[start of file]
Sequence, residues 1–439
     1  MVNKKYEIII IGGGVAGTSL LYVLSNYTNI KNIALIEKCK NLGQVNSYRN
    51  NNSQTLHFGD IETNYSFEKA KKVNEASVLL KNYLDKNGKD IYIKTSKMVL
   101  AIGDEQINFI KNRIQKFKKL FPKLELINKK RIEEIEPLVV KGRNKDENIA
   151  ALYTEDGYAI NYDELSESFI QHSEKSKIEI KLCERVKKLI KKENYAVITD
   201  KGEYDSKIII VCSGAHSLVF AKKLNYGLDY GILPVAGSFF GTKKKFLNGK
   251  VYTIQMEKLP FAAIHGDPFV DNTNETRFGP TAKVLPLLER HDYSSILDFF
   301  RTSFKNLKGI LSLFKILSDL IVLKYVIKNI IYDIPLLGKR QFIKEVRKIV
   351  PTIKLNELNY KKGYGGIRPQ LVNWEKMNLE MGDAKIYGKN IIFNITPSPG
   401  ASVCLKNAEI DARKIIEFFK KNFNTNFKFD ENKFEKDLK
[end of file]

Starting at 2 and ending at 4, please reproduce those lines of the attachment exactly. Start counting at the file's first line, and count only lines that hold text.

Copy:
     1  MVNKKYEIII IGGGVAGTSL LYVLSNYTNI KNIALIEKCK NLGQVNSYRN
    51  NNSQTLHFGD IETNYSFEKA KKVNEASVLL KNYLDKNGKD IYIKTSKMVL
   101  AIGDEQINFI KNRIQKFKKL FPKLELINKK RIEEIEPLVV KGRNKDENIA